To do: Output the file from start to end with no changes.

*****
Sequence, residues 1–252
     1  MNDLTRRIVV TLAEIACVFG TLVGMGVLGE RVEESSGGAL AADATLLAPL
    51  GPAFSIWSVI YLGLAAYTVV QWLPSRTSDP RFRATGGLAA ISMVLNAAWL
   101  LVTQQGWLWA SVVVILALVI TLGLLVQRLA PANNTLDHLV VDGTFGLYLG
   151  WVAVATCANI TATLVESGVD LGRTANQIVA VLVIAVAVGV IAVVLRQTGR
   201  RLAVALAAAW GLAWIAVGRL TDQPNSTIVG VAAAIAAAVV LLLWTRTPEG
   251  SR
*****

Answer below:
Sequence, residues 1–252
     1  MNDLTRRIVV TLAEIACVFG TLVGMGVLGE RVEESSGGAL AADATLLAPL
    51  GPAFSIWSVI YLGLAAYTVV QWLPSRTSDP RFRATGGLAA ISMVLNAAWL
   101  LVTQQGWLWA SVVVILALVI TLGLLVQRLA PANNTLDHLV VDGTFGLYLG
   151  WVAVATCANI TATLVESGVD LGRTANQIVA VLVIAVAVGV IAVVLRQTGR
   201  RLAVALAAAW GLAWIAVGRL TDQPNSTIVG VAAAIAAAVV LLLWTRTPEG
   251  SR